Getting to Know Your New Community

Moving is challenging, regardless of whether you have just received orders to a new duty station, are transitioning out of the military, or your job or new lifestyle leads you to a new location. Even in the most ideal situation, you will want to prepare for your move by gathering as much information as possible on your new community. This will help make the move easier for you and your family. 

Gathering information takes time. However, it is often the little things you want to know about a community that are important. Small things such as the location of the post office, where to go for dry cleaning, available child care services, and restaurants can make the difference between feeling overwhelmed or feeling at home.

Start your research by making a list of items or information that you consider important. Next, prioritize your list and make a schedule for collecting the information you'll need during the course of your move. 

Here are some topics or services you might want information on:

  • on-base/off-base housing;
  • hospitals, health care providers, dentists, and veterinarians;
  • transportation;
  • safety;
  • schools;
  • child care services;
  • pet sitters;
  • restaurants;
  • grocery stores;
  • dry cleaners/laundry mats;
  • recreational activities;
  • realtors;
  • lawyers;
  • employment market;
  • businesses;
  • utilities, phone/Internet providers; and
  • military/civilian community resources.

Here are some suggestions for finding the resources and services you will need:

  • Start by gathering all the information you can about your new community online. 
  • Contact the Chamber of Commerce or request information from state, regional, and local sources. These agencies often can provide maps, information on tourism boards, travel guides, information on recreation facilities in the area, and directories that contain the names of local merchants and services.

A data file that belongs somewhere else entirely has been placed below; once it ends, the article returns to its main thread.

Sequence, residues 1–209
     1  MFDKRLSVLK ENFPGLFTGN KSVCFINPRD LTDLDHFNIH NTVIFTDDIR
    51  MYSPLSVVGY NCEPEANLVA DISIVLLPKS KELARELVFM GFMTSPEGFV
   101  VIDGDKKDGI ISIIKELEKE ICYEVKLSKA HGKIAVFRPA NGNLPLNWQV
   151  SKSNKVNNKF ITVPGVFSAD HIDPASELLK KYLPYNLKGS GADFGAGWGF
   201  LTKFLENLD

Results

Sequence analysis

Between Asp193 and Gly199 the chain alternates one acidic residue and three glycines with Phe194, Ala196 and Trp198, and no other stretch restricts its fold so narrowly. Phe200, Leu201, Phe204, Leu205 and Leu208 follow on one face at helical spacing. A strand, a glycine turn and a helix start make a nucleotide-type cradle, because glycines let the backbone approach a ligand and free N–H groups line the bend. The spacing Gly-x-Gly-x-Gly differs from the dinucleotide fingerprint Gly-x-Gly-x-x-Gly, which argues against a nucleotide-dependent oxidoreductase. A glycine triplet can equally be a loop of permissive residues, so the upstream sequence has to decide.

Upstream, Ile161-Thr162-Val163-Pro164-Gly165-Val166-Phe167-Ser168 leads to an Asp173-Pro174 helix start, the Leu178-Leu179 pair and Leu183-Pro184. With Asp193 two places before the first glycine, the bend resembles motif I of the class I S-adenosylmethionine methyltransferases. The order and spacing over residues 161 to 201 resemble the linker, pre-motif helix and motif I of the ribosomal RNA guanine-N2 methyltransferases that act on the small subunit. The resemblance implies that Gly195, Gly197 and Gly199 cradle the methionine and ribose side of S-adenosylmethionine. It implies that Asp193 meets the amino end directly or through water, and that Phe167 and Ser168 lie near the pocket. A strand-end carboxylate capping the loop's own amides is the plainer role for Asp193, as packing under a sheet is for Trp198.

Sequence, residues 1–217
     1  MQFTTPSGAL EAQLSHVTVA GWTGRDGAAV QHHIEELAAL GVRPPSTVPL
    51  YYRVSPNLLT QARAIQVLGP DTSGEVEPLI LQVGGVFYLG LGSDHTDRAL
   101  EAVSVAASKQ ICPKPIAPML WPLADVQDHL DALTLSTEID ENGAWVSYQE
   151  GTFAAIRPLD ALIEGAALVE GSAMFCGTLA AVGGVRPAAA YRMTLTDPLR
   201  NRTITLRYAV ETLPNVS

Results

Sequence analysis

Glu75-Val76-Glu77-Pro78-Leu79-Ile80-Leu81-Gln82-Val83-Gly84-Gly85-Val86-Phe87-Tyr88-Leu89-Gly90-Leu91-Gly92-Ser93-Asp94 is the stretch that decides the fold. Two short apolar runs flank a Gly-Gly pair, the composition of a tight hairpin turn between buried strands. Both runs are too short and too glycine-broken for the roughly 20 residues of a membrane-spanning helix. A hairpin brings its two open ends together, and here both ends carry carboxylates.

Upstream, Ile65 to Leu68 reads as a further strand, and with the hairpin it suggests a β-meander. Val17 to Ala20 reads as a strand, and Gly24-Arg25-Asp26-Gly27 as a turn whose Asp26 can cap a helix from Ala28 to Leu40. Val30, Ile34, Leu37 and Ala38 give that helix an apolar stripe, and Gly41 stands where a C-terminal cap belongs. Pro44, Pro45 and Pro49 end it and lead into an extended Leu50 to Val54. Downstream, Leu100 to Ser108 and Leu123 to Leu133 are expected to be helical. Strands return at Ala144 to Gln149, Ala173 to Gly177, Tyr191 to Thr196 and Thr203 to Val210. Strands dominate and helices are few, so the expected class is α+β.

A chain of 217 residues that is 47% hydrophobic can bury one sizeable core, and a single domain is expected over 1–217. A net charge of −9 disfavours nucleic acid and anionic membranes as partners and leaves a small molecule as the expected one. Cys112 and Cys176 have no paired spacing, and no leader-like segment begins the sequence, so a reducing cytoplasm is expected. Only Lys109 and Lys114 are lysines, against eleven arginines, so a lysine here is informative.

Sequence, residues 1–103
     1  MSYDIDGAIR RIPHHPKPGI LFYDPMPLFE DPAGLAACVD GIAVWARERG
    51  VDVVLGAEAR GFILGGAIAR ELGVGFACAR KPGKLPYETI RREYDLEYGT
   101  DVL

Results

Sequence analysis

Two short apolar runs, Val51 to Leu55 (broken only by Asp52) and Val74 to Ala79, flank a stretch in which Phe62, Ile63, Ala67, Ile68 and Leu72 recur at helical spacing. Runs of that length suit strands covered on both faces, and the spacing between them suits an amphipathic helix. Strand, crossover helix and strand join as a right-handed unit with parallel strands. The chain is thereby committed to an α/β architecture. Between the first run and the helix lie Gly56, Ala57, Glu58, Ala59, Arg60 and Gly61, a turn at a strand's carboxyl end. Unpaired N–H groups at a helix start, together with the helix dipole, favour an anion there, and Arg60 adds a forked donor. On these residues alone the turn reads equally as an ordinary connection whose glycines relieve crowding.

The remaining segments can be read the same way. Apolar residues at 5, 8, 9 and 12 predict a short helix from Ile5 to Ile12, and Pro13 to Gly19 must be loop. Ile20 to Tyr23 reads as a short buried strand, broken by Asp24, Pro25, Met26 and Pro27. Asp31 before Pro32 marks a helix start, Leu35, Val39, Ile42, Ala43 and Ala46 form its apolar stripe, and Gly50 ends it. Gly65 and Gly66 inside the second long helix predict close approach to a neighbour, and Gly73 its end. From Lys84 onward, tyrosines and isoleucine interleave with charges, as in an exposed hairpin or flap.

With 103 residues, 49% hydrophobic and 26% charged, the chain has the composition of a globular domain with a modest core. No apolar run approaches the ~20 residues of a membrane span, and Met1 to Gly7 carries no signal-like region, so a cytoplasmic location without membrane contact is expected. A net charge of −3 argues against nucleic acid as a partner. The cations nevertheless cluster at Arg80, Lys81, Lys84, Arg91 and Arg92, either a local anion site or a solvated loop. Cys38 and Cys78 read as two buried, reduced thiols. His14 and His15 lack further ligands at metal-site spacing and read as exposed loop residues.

• Get a copy of the Yellow Pages for your new community online or request a copy from your local library.
  • If your company is moving you, contact your human resources or employee assistance program representative for help. 
  • If you are in the military, contact the military installation family center staff, a relocation specialist, or the personnel/human resources office for information about the base and the community. 
  • Contact the military installation housing office for information about on-base and off-base housing.
  • Ask your health care administrator/TRICARE representative, doctor, dentist, or lawyer for referrals to other providers since many professionals belong to national organizations.
  • Talk to local real estate agents, employment agencies, and businesses. Many are happy to send you packets of information or answer questions about housing, job markets, or other topics.
  • Subscribe to newsletters, newspapers, and magazines in the community. This is a great way to collect information about resources in the area as well as get acquainted with what life will be like in your new community.
  • Network with coworkers and base or community groups to establish connections and get contacts in your new community.
  • Get family members to identify services they are interested in, and get them involved in collecting information. 
  • Create enthusiasm by getting a map of your new community, and encourage your children to point out their new home and features in the community.
  • Contact the principal's office of your child's new school, or contact the schools you want to consider. Ask questions about the school's sports leagues, academic programs, activities, and parent/teacher groups or organizations. This will help you figure out what it is like in the local community and what fun activities are available for children.
  • Stay in close contact with key military or civilian representatives throughout the moving process to be sure you know what is expected of you. 

Additional Resources In Your New Community:

  • U.S. Chamber of Commerce. Get information about businesses and services in your new community through the U.S. Chamber of Commerce's Web site. 
  • Library Spot. Use this online library to get a wealth of information about your new community.
  • Moving.com. This one-stop shop contains links to everything you might need to help make your move a little bit easier.